UPDATE 1-Bunge exiting global sugar trading business - CEO

(Adds background on Bunge and ADM sugar operations)

CHICAGO, Feb 14 (Reuters) - Bunge Ltd. said on Wednesday it is exiting the global sugar trading business to concentrate on core grains and agriculture operations, after reporting a fourth-quarter loss.

Bunge has been seeking to get out of the sugar business for over four years, as a supply glut has pushed prices lower and made it tough for sugar industry participants to turn a profit.

Competitor and suitor Archer Daniels Midland Co, wound down its sugar trading activity and sold a Brazilian mill a few years ago.

Chief Executive Soren Schroder said on a conference call Bunge had struggled over the last year to generate enough gross margin to cover costs in sugar.

"We simply decided that it was time to really focus on what's core to us, which is agribusiness, foods, grains and oilseeds and get on with it in a good way," he said.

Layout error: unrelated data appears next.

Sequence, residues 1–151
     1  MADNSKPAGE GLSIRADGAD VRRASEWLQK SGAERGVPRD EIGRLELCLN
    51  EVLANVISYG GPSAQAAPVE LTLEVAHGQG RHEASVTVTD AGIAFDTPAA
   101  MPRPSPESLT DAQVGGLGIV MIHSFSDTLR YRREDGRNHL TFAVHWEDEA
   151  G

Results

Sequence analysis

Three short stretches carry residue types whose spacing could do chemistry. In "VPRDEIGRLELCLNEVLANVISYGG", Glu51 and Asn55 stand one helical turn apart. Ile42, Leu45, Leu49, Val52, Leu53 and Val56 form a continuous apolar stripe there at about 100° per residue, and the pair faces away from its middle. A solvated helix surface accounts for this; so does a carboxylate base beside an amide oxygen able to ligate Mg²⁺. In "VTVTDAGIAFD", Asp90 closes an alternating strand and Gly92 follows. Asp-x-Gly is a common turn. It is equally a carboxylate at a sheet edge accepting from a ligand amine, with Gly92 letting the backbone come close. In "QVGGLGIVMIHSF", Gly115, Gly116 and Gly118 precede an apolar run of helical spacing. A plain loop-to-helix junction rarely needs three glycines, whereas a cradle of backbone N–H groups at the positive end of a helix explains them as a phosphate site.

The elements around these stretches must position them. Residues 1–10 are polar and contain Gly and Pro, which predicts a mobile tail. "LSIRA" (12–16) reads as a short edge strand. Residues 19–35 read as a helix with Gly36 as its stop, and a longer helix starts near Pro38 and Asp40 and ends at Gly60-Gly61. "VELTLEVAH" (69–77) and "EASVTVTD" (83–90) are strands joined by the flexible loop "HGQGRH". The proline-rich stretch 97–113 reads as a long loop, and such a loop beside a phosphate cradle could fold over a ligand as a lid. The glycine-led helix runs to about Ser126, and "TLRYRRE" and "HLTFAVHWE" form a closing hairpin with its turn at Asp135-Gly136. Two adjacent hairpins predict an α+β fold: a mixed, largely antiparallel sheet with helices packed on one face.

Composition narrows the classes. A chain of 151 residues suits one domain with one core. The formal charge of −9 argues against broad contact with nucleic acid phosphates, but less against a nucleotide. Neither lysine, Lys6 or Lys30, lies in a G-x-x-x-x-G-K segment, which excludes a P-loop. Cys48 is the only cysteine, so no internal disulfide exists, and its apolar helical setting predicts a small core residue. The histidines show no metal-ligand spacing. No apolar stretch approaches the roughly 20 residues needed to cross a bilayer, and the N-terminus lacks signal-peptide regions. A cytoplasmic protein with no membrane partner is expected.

Schroder said the sugar trading operations were independent from production.

"In other words, what we intend to do with the milling business does not depend on having a global sugar trading set up. We can handle the risk and the merchandising from within the sugar milling business," he said.

Last year was another tough year for sugar traders and producers, with raw sugar prices tumbling more than 20 percent.

In addition to its eight sugarcane mills in top sugar producer Brazil, Bunge is a major player in the global sugar trade, with a strong destination book.

Its Brazilian mills can produce both sugar and ethanol and have a capacity of more than 20 million tones, according to Bunge's website.

Bunge is the target of a takeover offer by larger rival Archer Daniels Midland Co, which wound down its global sugar trading in 2015. (Reporting by P.J. Huffstutter and Chris Prentice in New York; Writing by Caroline Stauffer; Editing by Bernadette Baum and Alistair Bell)